Sweden: Travel Tips for Your Trip

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Sweden: Travel Tips for Your Trip

With almost ten million locals, Sweden is a small but lovely country. From the frozen lands up north to the rugged western coast to the picturesque islands in Stockholm, Sweden is one of my favorite countries in the world. There’s a lot of history in the country and the populace has preserved it wonderfully. The country isn’t cheap (though this travel guide will help you save money) and people often skip it until they have more funds but it’s never too soon to see Sweden. I fell in love with the country the first time I visited and am always wowed by the architecture, historic cities, and surreal landscape. Throw in welcoming locals and you have the recipe for a truly amazing destination! I visit the country every year and always fall back in love. Don’t skip the country! Fall in love with it too!

Typical Costs

Accommodation – Accommodation, like everything in Sweden, is not cheap. Hostels start around 250 SEK per night for a dorm room and are between 690-810 SEK for a double private room. Hostels in Sweden also add a 25-50 SEK surcharge for bed linen (I know, it’s ridiculous). A budget hotel will begin around 700 SEK for a double room per night. Cheaper options are available however they necessitate sharing a bathroom with other guests so make sure you read the fine print!  Shared rooms from sites like Airbnb can be found for as little as 400 SEK per night, while a private apartment or house will cost you almost double.  Wild camping is a good budget option as it is legal (and FREE!) to wild camp almost anywhere in Sweden. If that’s not your thing, campgrounds are also common (though many require a Swedish camping card, which you can purchase at your campsite for 150 SEK and have modern facilities, including toilets and showers.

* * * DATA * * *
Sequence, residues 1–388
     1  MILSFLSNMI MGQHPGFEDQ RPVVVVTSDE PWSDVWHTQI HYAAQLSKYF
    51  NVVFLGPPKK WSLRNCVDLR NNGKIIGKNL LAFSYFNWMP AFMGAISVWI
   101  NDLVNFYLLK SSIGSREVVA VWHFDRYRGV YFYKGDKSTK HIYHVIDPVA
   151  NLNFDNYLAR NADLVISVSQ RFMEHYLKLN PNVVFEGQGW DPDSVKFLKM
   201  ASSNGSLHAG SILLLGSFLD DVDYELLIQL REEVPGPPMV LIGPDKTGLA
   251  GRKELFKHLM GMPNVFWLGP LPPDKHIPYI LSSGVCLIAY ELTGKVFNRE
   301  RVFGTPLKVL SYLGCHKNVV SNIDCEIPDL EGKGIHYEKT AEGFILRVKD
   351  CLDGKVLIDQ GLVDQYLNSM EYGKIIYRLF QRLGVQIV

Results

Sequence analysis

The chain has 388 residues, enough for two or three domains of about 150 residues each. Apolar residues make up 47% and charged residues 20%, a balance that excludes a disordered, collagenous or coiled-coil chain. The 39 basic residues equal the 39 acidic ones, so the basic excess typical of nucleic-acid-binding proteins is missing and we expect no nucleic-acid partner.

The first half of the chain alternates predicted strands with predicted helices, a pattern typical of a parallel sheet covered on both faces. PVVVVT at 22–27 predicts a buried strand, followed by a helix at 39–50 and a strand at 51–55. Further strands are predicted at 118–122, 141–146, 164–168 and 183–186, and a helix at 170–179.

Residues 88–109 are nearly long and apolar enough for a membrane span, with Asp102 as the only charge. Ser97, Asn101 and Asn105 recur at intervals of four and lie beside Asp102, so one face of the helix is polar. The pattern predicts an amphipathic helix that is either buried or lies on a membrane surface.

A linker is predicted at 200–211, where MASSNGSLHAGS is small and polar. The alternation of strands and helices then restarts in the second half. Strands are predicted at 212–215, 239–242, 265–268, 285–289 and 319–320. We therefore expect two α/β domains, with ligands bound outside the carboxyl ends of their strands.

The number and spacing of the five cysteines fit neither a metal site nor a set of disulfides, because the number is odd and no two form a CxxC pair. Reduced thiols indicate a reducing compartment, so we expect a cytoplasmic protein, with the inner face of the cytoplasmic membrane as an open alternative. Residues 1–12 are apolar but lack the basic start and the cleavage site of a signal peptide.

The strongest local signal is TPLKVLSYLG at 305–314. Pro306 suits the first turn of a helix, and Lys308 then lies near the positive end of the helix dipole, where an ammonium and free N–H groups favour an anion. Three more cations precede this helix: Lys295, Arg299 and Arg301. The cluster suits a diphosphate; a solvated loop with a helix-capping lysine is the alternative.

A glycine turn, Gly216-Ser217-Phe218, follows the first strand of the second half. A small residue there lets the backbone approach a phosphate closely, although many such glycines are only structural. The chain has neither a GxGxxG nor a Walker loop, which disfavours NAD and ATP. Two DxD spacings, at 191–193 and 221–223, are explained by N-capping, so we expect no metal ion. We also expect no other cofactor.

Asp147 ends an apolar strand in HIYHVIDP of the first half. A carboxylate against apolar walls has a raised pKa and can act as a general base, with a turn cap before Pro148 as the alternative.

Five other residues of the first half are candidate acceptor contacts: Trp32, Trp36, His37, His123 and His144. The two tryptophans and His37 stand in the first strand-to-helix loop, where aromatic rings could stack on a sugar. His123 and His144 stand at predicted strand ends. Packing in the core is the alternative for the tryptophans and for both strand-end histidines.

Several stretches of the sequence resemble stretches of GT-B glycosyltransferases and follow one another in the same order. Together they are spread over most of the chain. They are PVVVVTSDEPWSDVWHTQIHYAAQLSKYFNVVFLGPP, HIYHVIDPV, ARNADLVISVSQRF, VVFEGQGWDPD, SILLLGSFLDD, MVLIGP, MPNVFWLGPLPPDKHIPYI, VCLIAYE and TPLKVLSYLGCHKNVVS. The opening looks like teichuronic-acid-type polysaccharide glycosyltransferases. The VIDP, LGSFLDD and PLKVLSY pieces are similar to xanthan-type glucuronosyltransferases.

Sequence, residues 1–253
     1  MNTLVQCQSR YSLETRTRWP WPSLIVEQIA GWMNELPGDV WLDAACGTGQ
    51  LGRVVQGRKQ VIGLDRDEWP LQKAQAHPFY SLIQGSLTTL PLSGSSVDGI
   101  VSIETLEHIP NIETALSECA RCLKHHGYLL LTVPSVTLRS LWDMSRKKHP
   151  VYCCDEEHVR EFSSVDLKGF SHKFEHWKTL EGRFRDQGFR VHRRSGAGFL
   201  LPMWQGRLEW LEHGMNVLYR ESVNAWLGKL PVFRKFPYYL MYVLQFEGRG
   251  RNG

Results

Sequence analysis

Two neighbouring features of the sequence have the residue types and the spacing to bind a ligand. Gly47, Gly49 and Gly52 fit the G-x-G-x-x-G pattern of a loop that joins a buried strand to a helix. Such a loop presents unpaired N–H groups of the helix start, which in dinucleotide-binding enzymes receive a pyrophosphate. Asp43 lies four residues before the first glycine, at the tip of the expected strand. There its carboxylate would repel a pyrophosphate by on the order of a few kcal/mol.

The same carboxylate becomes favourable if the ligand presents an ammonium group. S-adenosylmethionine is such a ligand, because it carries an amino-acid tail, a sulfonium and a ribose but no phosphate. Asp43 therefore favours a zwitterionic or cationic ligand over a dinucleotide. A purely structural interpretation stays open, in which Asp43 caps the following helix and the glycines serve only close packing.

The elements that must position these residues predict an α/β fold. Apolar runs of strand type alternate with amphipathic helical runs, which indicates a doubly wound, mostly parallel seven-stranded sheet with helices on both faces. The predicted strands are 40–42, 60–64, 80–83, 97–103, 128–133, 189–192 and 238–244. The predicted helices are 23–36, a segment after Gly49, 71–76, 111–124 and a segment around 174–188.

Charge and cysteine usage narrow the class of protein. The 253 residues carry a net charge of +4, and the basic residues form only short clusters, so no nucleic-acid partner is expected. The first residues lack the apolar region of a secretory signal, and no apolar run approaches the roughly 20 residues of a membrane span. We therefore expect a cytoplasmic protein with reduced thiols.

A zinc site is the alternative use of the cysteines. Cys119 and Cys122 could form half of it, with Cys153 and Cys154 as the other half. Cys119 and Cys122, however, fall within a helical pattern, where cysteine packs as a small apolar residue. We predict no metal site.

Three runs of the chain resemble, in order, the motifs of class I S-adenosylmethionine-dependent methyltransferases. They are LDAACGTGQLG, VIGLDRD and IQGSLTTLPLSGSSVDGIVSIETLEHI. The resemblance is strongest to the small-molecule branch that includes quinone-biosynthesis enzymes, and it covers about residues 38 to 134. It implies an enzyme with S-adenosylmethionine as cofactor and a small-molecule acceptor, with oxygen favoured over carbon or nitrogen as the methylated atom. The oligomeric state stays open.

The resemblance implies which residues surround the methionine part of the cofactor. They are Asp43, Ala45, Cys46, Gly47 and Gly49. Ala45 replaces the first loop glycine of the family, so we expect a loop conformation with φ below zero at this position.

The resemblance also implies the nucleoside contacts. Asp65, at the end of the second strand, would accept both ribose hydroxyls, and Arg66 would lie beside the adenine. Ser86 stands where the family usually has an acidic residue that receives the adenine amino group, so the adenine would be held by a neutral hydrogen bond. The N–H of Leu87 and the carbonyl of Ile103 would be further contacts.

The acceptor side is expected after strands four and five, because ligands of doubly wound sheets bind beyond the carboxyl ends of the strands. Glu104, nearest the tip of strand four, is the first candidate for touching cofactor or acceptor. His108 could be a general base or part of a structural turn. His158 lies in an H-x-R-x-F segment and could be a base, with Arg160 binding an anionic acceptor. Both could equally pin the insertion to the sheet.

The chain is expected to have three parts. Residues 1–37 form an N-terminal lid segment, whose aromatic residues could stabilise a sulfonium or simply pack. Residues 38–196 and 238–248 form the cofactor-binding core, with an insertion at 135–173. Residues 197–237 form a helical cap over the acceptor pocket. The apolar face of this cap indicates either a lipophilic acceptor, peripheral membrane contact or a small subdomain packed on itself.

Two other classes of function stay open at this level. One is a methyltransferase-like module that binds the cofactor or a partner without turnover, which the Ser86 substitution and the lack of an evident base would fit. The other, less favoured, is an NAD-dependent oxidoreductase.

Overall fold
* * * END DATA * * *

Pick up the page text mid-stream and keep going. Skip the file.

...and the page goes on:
Food – Food is expensive in Sweden. You can get cheap food from outdoor street vendors starting at 50 SEK, though they are few and far between. You can get hot dogs starting at 25 SEK. (Try the French hotdogs for 30 SEK. They’re delicious!) Grocery shopping here will cost 565 SEK per week, however, if you cut down on your meat and cheese intake (some of the most expensive food items in Sweden) you can lower your costs significantly. Many convenience stores offer pre-packaged sandwiches and meals for under 50 SEK. Whole pizzas begin around 65 SEK. Most nice sit-down restaurant meals begin at 160 SEK for a main dish. Beer can be as cheap as 40 SEK, though 60-75 SEK is more common. Wine will cost around 55-75 SEK at your average restaurant, and cocktails will set you back at least 100 SEK. If you’re on a budget you’ll likely want to stick to beer. You can buy your own alcohol at the government-run Systembolaget for even greater savings.

Transportation costs – The majority of intercity trains cost 325–610 SEK, though tickets for as low as 200 SEK can be found. Long overnight sleep train, like the fifteen-hour trip from Stockholm to Luleå, cost between 700–1,215 SEK. Buses booked a month or more in advance can be found for as cheap as 80 SEK. However, those tickets are limited in number, and typically buses cost 225–405 SEK. The ferry to Gotland (from either Oskarshamn or Nynäshamn) is 258 SEK and up. If you are arriving at an airport, Flygbussarna is the shuttle company, with tickets around 100 SEK from major airports to the nearest downtown (Stockholm, Gothenburg, Malmö). Hitchhiking isn’t really common in Sweden, though foreigners can get away with it as long as they stick to major highways.